carpentry (73)

My First Building Project (1961)

Designed by my surfing friend John Stonum, who was in his final year of architecture at UC Berkeley. (I was his first client.) It had what we called a “sod roof” in those days (now called a “living roof”). I got a big load of merch-grade redwood 2×4’s at the closing out of the nearby Olema Lumber Yard for — get this — $35 per 1,000 board feet, and nailed them together on edge for the roof deck. I let them run wild on the right-hand side, so had to cut off about 14 feet of them. I started out with a hand saw, then went and rented a Skilsaw to finish the job.

I was working as an insurance broker in San Francisco and would rush home from work every night and as well, work on weekends. As the years went by, I started on a very ambitious remodeling of the old summer house on the property (in Mill Valley, Calif.), and what with the cultural revolution brewing (I was listening to Beatles records while working), my dislike of wearing a suit and increasing boredom with the business world AND a growing love of building and working with my hands, I quit my job in 1965 and went to work as a carpenter.

The roof had two layers of tar and gravel, then 2″ of coarse gravel and 4″ of earth. It was planted with chamomile and in the spring, it was covered with white blossoms.

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Lloyd and Louie Visit 02 Artisans Aggregate in Oakland

Tucker Gorman is an artist/woodworker that I recently met through Foster Huntington. Tucker is one of a group of builders, artists, welders, sculptors, and gardeners that operate out of a number of large buildings in the industrial part of Oakland, Calif. I’d been there last week and took my friend Louie with me to see it all this week. (BTW, Louie is 92 years old and still rides a 500-foot zip line across the Garcia River in Mendocino county to get to his house.)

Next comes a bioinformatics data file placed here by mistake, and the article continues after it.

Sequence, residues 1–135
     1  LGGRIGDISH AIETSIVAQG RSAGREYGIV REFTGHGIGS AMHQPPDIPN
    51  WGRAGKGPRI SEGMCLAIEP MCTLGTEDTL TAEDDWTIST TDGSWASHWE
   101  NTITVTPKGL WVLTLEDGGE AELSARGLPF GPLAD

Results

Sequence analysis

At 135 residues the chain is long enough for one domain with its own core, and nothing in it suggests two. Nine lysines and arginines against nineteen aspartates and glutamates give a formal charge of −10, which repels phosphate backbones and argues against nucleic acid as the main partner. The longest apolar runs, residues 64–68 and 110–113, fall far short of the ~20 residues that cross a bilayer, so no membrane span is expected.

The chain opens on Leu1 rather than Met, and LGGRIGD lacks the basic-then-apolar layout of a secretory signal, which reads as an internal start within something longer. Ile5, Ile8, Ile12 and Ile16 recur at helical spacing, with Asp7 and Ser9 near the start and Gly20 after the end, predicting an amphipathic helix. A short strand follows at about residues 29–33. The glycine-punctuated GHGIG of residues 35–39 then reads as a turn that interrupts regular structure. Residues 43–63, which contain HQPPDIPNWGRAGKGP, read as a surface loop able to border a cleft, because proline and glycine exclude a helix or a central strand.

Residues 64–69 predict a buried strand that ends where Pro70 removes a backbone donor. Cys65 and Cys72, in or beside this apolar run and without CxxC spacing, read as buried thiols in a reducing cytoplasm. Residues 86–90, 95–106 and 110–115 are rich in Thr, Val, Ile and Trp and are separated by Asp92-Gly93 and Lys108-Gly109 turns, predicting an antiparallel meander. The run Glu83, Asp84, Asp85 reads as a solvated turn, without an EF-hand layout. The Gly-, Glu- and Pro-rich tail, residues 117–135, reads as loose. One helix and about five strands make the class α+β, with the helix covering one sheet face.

It’s an amazing setup, with a group of ultra-competent people engaged in all kinds of activities. There are a number of dimensional sawmills — the largest can handle a 5-foot log — and the yards are piled high with stacks of sliced‑into‑slabs logs and stickered lumber of all sorts. In one building, there’s Joinery Structures, a custom sawmill with mills, planers, joiners, sanders, and other milling tools I’ve never seen before.

There’s a greenhouse in which seaweed is dried. There are chickens, guys working on making chicken feed out of food byproducts, a nursery, tanks containing sturgeons, and Soba Ichi: a very cool-looking, fresh noodle restaurant. More photos of it here.

Central to all this is Paul Discoe, a Zen Buddhist priest who studied under Suzuki Roshi at the San Francisco Zen Center and then spent five years studying with a master carpenter in Japan. He’s published a beautiful book, Zen Architecture: The Building Process as Practice.

I don’t have a lot of time (one could spend days writing this place up), but here are a few photos:

Brilliant use of shipping containers

This mill will handle a 5-foot log. With these mills, the blade housing moves on tracks; the log is stationary.

Paul Discoe’s collection of Japanese carpentry tools

More pics to follow when I get time.

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Shelter Books Inspire Carpentry Career

June 20, 2019

Dear Lloyd,

I am writing to thank you for your work as a builder/publisher/disseminator of alternative building inspiration. Your books are what initially set me on the path which I am on today, and I’ve never been happier. I was staying with a friend in Oakland on my way home from hitchhiking the country when I was first shown Shelter II. This must’ve been 2013. I told my friend’s housemate that when I made it back to Washington, I wanted to build a tiny house. “Oh,” he said, “well I have some books you need to look at.” I spent the next two days sitting in their garden, pouring over Shelter II and Builders of the Pacific Coast. Completely engrossed, desperately excited.